Ex-FBI agent admits lying during ‘Whitey’ Bulger trial
BOSTON (Reuters) – A former FBI agent admitted on Monday that he lied on the witness stand during the 2013 trial of former Boston mob boss James “Whitey” Bulger, officials said. Robert Fitzpatrick pleaded guilty to 12 criminal counts of perjury and obstruction of justice for a wide variety of false statements during the high-profile mob trial.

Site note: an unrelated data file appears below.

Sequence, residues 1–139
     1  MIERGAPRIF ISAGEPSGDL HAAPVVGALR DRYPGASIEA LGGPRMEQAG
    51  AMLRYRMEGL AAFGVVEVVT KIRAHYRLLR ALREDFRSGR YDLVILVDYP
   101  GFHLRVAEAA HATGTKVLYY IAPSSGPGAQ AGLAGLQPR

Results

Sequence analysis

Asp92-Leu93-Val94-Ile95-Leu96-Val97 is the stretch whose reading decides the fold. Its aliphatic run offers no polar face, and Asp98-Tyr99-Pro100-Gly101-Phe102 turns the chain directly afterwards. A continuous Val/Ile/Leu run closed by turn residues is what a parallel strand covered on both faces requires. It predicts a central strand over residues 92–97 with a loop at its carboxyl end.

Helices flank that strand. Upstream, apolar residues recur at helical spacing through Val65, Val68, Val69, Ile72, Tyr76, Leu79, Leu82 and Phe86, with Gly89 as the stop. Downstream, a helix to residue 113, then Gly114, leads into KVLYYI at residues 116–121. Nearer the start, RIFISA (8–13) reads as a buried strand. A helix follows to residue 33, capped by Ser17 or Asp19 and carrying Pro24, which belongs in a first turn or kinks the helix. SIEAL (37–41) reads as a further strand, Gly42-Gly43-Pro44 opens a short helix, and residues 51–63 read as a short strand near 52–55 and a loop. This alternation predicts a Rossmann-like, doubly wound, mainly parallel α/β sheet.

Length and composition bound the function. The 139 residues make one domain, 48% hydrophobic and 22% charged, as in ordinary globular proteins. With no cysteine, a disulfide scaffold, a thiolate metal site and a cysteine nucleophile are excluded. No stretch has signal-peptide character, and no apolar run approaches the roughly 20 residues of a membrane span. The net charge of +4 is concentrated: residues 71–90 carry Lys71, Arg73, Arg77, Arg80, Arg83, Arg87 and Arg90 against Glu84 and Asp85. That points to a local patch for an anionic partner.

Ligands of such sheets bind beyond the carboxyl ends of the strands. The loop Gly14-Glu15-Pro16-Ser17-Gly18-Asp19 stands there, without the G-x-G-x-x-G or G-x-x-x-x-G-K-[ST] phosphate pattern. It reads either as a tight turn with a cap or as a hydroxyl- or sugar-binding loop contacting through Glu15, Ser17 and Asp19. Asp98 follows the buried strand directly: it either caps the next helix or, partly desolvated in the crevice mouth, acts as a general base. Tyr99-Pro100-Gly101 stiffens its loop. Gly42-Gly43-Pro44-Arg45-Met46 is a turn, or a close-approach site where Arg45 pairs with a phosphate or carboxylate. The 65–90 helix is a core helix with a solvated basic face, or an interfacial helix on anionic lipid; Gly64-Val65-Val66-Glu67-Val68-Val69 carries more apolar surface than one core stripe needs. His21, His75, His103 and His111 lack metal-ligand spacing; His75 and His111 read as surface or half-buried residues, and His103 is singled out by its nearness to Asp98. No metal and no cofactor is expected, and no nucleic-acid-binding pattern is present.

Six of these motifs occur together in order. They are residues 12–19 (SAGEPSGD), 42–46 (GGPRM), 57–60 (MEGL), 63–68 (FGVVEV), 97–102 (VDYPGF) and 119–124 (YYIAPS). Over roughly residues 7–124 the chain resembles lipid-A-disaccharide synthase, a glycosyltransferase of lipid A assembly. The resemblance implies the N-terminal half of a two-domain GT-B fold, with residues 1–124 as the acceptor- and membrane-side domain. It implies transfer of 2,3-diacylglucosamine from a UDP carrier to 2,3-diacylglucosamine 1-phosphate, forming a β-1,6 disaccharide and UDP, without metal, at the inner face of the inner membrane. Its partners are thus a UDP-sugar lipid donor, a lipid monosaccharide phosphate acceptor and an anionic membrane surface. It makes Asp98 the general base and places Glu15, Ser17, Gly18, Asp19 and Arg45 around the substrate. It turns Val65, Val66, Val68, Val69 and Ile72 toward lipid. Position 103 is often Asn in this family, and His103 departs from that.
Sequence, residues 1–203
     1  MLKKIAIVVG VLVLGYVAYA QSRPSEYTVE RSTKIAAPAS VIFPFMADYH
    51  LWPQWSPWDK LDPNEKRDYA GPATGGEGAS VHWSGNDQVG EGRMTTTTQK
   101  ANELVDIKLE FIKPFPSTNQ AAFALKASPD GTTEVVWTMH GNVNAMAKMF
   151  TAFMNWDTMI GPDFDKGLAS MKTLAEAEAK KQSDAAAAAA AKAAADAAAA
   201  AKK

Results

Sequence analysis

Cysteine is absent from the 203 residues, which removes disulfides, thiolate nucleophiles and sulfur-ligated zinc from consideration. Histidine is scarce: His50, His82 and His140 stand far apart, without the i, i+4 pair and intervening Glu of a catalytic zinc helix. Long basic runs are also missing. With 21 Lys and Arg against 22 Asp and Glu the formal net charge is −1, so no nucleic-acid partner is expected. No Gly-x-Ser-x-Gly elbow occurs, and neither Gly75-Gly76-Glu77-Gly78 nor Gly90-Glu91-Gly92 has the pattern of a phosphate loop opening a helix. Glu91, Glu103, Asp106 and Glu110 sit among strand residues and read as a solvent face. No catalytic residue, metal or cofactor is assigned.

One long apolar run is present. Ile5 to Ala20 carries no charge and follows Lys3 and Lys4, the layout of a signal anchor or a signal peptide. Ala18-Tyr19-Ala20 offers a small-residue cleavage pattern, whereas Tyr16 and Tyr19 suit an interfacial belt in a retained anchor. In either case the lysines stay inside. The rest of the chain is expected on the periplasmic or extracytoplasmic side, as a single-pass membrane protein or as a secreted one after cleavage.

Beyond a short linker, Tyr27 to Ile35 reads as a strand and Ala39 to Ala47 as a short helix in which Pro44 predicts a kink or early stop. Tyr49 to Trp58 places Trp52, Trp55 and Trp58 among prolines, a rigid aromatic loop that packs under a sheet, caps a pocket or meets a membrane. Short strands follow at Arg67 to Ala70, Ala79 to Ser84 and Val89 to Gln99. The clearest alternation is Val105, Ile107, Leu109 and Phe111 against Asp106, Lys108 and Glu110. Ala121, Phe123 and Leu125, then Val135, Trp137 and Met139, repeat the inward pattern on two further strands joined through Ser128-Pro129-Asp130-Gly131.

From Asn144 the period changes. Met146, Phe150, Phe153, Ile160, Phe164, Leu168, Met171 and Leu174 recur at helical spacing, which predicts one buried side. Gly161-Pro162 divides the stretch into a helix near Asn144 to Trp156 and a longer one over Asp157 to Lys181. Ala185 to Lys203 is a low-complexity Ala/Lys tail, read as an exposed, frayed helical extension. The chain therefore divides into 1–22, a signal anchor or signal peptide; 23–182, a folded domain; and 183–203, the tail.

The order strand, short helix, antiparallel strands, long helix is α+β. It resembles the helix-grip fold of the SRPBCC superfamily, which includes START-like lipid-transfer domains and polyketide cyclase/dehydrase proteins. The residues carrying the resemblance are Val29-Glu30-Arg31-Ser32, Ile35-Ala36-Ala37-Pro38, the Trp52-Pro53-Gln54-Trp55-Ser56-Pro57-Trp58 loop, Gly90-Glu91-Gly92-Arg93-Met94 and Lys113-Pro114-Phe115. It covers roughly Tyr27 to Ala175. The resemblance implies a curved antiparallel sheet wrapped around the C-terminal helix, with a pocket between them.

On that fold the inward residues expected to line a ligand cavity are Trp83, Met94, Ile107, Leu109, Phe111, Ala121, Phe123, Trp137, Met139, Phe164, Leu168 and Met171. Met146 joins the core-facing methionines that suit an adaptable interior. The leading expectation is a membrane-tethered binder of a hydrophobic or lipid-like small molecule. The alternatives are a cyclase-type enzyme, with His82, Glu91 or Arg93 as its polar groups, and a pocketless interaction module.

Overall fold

The first witness called by Bulger’s attorneys, Fitzpatrick had told the jury he concluded that the Federal Bureau of Investigation should not be working with Bulger as an informant because when he looked into his eyes he “couldn’t see his soul.” Fitzpatrick, now 76, also said he had been the first FBI agent on the scene of civil rights activist Martin Luther King Jr.’s assassination in 1968 and that he had later been sent to Boston on a special assignment to clean up “major problems” in that office. On Monday, he admitted that all those statements were lies, federal prosecutors said in a statement. His attorneys asked U.S. District Judge Dennis Saylor to sentence Fitzpatrick to two years of probation. Saylor will determine his sentence in August. The trial cast a harsh light on the corrupt relationship between the Irish-American gangster and FBI agents who shared Bulger’s heritage and turned a blind eye to his gang’s murder and mayhem in exchange for information they could use against the Italian-American Mafia. Fitzpatrick, who served in the FBI from 1965 through 1986, pleaded not guilty in his first court appearance on the perjury charges. Bulger, 86, has denied serving as an informant, insisting he paid agents for tips but provided none of his own. He fled the city in 1995 on a tip from an FBI handler that arrest was imminent and was a fugitive for 16 years, most of them atop the FBI’s “Ten Most Wanted” list. Agents caught up with him in an apartment in Santa Monica, California, in 2011. He is serving a life sentence after being convicted of committing or ordering 11 murders while head of the Winter Hill gang in the 1970s and ’80s. The 2015 movie “Black Mass” told the story of Bulger’s rise to power and eventual arrest. (Reporting by Scott Malone; Editing by Frances Kerry and Dan Grebler)